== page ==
-Pants:
*As stated above, avoid pleats.
*I would suggestion that your order of acquisition run: navy, khaki, light to medium gray (in wool), black.
*Again, watch out for poly blends. If the pants are already showing wrinkles on the rack, pass them by.

-Belt: Should match the general color of your shoes.

-Socks: Ideally, should match the general color of your pants. In practice, you can get away with dark gray or navy socks 90% of the time.

-Shoes:
*Nordstrom Rack is the best place for decent shoes on a budget, though you'll have to wade through an ocean of crap to find them. Try for a good brown oxford or blucher without too much ornament. Bostonian, Florsheim are decent bets at your budget, but let yourself be guided by fit, aesthetics, construction, and material rather than brands.

-Jacket/sport coat/blazer:
*Fit is everything here. Given your proportions, you may have to hire a tailor if you want a truly flattering jacket.
*Alternately, go without. It's Austin, for God's sakes; no will blame you.
posted by Iridic at 11:14 PM on July 26, 2011


A few people have mentioned in passing but I want to underline this - make sure that whatever you buy does not require any sort of special treatment (ironing, pressing, etc) unless you are willing and able to give it that treatment. I'm always super disappointed when I get a shirt home and realize after the first wash that the collar won't stay flat without ironing (particularly since I do not do ironing). Salespeople should be able to help with this - ask them what sort of treatment the clothes should require, though, not just 'is this machine washable?' If they're advising you on what's best, they're more likely to give an objective opinion than if they're coming up with ways that you could wear this shirt without having to dry-clean it.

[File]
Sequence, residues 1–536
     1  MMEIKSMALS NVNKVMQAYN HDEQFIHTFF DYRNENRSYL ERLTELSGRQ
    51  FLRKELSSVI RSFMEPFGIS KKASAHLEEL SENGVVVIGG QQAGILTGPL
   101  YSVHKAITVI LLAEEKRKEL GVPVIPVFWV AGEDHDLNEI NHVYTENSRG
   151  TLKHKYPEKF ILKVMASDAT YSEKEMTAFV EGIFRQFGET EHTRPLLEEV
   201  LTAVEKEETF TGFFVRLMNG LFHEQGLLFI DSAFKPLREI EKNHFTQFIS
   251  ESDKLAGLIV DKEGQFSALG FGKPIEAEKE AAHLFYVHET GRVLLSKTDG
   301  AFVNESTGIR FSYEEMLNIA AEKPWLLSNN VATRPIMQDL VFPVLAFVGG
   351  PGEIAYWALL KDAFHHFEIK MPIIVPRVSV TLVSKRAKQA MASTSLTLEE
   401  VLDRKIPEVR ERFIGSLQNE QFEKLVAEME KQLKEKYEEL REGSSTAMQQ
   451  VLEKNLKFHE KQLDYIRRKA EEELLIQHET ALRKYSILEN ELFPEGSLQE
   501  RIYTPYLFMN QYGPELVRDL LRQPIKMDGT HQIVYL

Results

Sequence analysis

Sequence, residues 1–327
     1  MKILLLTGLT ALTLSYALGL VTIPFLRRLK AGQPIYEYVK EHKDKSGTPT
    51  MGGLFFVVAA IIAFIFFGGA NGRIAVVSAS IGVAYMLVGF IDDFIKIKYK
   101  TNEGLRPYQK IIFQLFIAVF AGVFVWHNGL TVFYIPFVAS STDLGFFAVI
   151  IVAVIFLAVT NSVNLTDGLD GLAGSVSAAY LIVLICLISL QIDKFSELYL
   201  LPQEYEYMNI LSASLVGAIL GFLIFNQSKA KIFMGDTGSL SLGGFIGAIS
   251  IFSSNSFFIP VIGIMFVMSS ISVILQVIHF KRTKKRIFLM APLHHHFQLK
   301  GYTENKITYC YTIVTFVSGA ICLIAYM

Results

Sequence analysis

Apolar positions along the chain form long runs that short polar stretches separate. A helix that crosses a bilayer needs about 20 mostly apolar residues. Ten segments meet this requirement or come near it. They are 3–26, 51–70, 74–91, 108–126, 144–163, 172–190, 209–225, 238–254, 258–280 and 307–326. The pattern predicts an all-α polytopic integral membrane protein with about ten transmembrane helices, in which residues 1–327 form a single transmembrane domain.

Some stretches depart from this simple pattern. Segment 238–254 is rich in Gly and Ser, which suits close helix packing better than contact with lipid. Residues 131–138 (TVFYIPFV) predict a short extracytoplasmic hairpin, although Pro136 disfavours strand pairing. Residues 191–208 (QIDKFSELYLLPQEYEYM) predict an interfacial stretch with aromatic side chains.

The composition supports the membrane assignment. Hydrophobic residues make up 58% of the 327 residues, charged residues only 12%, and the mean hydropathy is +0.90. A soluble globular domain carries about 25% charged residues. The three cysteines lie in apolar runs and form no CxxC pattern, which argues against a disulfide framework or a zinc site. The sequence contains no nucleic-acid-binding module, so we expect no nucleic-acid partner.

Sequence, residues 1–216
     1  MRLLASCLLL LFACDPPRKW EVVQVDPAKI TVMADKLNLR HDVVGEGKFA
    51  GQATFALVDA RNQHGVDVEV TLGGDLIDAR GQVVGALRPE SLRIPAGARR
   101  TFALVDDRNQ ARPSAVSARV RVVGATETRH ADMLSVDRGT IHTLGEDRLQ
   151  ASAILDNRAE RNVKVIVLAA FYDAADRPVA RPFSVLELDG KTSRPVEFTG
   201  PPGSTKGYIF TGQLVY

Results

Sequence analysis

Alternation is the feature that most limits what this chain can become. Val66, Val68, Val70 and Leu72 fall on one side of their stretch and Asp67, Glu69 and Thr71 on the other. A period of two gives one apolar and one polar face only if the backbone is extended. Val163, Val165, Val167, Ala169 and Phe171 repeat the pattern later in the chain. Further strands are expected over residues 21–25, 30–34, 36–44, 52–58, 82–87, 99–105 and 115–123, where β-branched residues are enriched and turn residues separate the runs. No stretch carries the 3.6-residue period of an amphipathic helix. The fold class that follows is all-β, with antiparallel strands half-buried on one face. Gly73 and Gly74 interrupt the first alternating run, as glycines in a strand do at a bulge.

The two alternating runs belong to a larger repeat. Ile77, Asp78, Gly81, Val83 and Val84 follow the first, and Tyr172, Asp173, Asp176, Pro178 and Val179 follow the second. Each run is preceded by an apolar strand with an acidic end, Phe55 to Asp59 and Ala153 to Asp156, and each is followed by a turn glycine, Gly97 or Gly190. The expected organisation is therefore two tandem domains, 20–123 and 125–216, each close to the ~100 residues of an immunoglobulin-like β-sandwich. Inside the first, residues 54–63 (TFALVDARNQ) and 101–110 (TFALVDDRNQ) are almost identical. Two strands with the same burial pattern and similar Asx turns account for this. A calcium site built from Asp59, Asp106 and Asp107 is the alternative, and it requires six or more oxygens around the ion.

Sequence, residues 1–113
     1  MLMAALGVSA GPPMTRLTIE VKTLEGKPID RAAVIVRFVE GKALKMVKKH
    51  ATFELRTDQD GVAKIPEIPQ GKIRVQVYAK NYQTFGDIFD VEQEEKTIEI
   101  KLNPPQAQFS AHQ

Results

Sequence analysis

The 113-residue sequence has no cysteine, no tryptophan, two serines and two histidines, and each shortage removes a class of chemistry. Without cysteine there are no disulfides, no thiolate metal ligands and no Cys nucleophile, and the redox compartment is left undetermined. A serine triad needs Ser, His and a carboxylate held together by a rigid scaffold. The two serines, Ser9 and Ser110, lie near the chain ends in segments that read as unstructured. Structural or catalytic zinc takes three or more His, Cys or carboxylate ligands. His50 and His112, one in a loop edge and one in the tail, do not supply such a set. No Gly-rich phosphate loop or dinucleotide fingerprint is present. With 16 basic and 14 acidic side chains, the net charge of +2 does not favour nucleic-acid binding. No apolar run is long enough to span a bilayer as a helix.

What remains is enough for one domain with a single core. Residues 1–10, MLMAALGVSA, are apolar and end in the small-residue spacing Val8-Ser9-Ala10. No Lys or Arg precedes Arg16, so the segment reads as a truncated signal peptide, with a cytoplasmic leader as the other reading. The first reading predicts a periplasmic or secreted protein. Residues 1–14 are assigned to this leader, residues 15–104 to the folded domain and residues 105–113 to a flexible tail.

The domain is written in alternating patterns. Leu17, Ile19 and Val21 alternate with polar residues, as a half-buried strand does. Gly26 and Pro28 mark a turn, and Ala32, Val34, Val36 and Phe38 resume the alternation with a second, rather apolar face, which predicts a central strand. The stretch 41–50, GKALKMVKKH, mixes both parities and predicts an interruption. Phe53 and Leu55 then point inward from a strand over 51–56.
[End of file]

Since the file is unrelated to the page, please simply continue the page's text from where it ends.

posted by Lady Li at 12:24 AM on July 27, 2011


I work in midtown Manhattan, but I have worked in professional Austin, too. This is all my opinion, and IAAP (I am a prescriptivist).